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Five Steps to Prevent Future Energy Woes

By Zhou Dadi

Conservation should be the top priority in formulating China's mid- and long-term energy strategies.

This is a necessary option dictated by the need for long-term harmonious and sustainable development. This is also based on the consideration of China's reality, reflecting the country's determination to take a new type of approach to industrialization. Broadening the sources of supply and economizing consumption is the way forward.

The Fifth Plenary Session of 16th Central Committee of the Chinese Communist Party (CPC), which was convened recently, made it clear that resource conservation, and energy saving in particular, should be a vitally important aspect of the basic national policy.

In addition, in the CPC Central Committee's proposals for drafting the 11th Five-Year Plan (2006-10), there are only two quantitative development goals. One is that the per capita GDP of the country is set to double by 2010 compared with 2000. The other is that energy volume consumed in turning out a certain unit of GDP should drop by 20 percent. This further shows that the central authorities have put the energy issue very high on the agenda.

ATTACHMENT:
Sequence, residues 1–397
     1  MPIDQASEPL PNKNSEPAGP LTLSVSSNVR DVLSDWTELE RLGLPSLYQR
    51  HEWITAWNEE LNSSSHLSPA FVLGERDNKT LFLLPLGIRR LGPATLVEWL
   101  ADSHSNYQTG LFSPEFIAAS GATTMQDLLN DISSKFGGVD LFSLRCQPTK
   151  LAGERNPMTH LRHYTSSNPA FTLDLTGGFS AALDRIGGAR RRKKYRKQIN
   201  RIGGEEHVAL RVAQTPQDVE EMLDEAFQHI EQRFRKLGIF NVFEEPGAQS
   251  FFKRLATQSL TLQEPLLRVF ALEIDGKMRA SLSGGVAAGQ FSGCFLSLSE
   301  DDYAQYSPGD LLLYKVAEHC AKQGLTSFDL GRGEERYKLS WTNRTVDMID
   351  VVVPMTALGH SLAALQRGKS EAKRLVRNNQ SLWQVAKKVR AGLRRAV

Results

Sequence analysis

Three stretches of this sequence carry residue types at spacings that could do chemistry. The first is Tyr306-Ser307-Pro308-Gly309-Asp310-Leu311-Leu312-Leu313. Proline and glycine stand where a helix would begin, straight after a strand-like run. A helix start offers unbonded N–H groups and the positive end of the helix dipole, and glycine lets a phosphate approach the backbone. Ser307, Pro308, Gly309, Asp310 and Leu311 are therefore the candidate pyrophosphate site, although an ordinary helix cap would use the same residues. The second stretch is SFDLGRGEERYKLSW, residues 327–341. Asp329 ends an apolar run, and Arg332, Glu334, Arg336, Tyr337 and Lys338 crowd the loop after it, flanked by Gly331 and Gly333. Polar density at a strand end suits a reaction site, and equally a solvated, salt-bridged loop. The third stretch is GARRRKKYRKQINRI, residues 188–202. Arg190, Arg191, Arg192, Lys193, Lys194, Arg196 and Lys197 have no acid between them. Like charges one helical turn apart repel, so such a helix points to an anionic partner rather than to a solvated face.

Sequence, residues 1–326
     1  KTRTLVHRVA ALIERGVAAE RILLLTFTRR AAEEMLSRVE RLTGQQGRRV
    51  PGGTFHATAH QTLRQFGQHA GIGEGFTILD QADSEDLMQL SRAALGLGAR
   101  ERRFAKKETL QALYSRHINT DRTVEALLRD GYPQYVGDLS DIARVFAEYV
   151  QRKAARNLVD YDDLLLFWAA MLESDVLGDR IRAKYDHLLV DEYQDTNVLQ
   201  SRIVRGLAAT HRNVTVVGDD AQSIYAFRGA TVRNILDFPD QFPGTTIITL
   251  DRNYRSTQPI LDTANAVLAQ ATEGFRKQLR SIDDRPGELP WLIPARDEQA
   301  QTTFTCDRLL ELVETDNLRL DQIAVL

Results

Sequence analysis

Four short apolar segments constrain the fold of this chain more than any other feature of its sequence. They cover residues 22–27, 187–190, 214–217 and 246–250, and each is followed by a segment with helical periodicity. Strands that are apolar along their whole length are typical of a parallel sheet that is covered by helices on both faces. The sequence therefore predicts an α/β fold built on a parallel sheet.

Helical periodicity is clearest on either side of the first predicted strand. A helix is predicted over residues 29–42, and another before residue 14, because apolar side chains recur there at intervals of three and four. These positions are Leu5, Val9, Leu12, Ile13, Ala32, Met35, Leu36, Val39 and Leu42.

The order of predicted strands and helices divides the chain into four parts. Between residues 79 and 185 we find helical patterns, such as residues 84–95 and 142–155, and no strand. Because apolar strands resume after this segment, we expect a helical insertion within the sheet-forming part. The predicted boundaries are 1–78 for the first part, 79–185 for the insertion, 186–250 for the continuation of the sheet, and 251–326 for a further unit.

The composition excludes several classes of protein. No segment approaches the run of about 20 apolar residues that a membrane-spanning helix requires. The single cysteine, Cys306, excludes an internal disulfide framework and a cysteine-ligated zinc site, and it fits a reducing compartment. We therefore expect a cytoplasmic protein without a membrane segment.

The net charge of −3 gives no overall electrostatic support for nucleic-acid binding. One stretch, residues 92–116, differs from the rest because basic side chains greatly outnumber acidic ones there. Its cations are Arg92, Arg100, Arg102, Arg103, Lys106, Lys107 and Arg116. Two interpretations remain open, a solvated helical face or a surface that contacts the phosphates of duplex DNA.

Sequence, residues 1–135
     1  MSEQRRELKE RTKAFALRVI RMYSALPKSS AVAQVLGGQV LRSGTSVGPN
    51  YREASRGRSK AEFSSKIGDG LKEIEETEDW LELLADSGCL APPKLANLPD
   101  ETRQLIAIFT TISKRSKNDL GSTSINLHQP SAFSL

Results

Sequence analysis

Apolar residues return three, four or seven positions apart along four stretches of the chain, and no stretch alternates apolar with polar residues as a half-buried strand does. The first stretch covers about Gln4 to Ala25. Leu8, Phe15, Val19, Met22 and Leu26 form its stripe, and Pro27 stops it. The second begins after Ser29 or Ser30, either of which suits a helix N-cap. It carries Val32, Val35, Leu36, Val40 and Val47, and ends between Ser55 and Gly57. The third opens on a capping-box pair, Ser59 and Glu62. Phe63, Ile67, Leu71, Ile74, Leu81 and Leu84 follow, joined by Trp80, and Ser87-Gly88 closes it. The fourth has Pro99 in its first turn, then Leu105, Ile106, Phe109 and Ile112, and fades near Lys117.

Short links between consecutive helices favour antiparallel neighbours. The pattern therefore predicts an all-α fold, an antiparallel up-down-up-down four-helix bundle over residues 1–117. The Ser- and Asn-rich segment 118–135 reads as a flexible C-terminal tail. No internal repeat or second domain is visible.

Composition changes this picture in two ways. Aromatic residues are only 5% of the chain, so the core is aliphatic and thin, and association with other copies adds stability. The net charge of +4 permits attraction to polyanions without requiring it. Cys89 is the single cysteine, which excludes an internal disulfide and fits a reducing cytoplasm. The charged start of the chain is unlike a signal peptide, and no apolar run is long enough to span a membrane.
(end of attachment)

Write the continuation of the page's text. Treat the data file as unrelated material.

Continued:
Dictated by this, the annual energy saving rate is supposed to reach 4.5 percent, which is a pretty hard task to fulfil. If we manage to achieve this goal, we will set a good example for other developing countries in the course of their industrialization. China simply cannot tread on the footsteps of others in its modernization drive, especially considering the country's specific conditions and the poor prospects of the world energy market.

Per capita energy consumption in China every year is currently 1 ton of standard oil, meaning other forms of energy such as coal and gas are also converted into oil according to their fuel value. But the average energy consumption of developed countries stands at 4 tons. In the United States, however, the per capita energy consumption is 8 tons of standard oil. China, considering its huge population, simply cannot afford that level of consumption.

Our goal is to realize modernization through low per capita energy consumption, which means much lower than the per capita 4-ton standard oil consumption in developed countries.

As a result, we should not regard the growth of GDP as the only indicator to measure our development. Instead, sustainable development and rational energy consumption have become important targets.

First, in order to bring about an energy-saving and environmentally friendly society, we should strengthen energy management and refrain from launching large-scale energy-consuming industrial projects. The central government has decided that 10 major energy-saving projects will be launched during the 11th Five-Year period, bringing in billions of yuan in investment.